Natural Language Processing Predicted to Further the Field of Assessment for Health Professionals

Posted December 11, 2020

Data Scientist Victoria Yaneva, PhD, discusses NBME’s early activities using Natural Language Processing (NLP) for assessments of health professionals. Below, you can learn about NBME's research collaboration with the University of Wolverhampton, as well as an upcoming educational conference in 2021.

By Victoria Yaneva, PhD

In recent years, the health professionals’ assessment field has grown increasingly interested in exploring the potential of Natural Language Processing (or NLP for short) to improve two key areas of exam development: quality and efficiency. This interest stems from remarkable advances that the NLP community has achieved in the past decade, from speech recognition and question answering systems such as Alexa or Siri, to automated translation between languages, customer support chatbots, and even the ability of certain platforms to suggest songs, movies, and products that match our taste. So how can these advances be harnessed for the assessment of aspiring or practicing physicians?

In Fall 2021, NBME will host a conference in Philadelphia to engage in discussions, collaboration and information sharing on how best to lean on NLP capabilities to advance the field of assessment for health professionals, as well as assessment overall.

Early efforts in NLP started at NBME more than a decade ago. Our Office of Research ran pilot projects together with a research team at the University of Wolverhampton, UK. Since then, these ongoing studies have led to the more recent exploration of several NLP applications:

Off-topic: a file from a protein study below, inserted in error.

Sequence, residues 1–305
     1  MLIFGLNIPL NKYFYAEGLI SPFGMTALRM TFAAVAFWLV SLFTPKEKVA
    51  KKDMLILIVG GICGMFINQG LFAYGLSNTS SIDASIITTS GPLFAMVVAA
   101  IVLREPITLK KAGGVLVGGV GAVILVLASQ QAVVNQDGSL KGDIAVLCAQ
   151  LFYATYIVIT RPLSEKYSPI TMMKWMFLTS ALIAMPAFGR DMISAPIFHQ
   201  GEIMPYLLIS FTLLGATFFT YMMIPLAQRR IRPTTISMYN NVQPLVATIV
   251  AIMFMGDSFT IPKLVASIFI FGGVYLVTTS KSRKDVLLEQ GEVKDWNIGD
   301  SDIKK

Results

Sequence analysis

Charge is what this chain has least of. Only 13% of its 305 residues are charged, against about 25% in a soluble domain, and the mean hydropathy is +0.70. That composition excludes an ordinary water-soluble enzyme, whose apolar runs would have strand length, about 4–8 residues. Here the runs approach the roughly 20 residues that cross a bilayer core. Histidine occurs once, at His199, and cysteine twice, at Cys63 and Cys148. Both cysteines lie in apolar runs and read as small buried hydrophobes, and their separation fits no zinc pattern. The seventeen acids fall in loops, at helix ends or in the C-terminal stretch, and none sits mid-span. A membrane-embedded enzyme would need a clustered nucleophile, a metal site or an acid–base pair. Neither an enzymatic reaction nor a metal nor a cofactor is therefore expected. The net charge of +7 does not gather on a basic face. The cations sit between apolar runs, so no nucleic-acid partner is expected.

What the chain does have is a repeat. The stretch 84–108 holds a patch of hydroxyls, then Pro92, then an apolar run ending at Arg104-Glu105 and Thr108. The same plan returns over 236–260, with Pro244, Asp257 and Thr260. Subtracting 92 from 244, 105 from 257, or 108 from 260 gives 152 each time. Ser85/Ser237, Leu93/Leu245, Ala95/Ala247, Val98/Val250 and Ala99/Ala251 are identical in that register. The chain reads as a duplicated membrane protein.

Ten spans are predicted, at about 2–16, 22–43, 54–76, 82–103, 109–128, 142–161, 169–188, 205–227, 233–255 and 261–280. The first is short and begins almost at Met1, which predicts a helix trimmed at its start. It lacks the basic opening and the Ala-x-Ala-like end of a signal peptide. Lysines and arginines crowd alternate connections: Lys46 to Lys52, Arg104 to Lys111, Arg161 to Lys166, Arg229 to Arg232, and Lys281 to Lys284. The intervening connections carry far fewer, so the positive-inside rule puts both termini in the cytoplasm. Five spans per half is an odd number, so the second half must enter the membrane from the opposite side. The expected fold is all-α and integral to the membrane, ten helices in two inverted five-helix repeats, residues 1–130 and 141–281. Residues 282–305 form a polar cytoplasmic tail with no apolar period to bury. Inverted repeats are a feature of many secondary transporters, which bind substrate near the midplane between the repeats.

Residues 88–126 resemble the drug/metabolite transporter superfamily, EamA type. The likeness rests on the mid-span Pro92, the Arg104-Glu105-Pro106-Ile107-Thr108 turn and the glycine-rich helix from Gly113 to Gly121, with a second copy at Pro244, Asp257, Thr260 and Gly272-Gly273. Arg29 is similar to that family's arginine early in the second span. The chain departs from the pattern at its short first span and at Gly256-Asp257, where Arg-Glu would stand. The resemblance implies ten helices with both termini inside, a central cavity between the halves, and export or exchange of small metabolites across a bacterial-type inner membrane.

• the potential for automated scoring of physician notes taken after a clinical encounter and short-answer questions,
  • automated test item generation,
  • technology-assisted item-writing through automated distractor suggestions,
  • predicting test item characteristics from text (e.g., difficulty and response time), and
  • estimating the likelihood that a newly created test item would meet quality standards.

While these projects are at various stages of research, many of them show a great potential to improve the development or scoring of assessments in several ways. For example, predicting test item difficulty may be used to guide the development of items with desired difficulty levels. The automated detection of key concepts found in patient notes written by students or residents enables evaluators to focus their attention on assessing more complex aspects of examinee writing such as nuanced inferences.

Finally, automated distractor suggestions may help test item writers come up with better distractors, write items more efficiently, or aid the training of novice item writers.

A common theme in all these applications is the use of technology to detect patterns and similarities. This enables humans to focus on those parts of assessment that require creativity, subject knowledge, and the understanding of shared meaning. Inspired by this goal, NBME continues its research in NLP due to its potential for improving the quality and efficiency of assessment development and scoring.

Early next year, you can look forward seeing a save-the-date for NBME’s specially designed conference focused on cultivating NLP capabilities in assessment.

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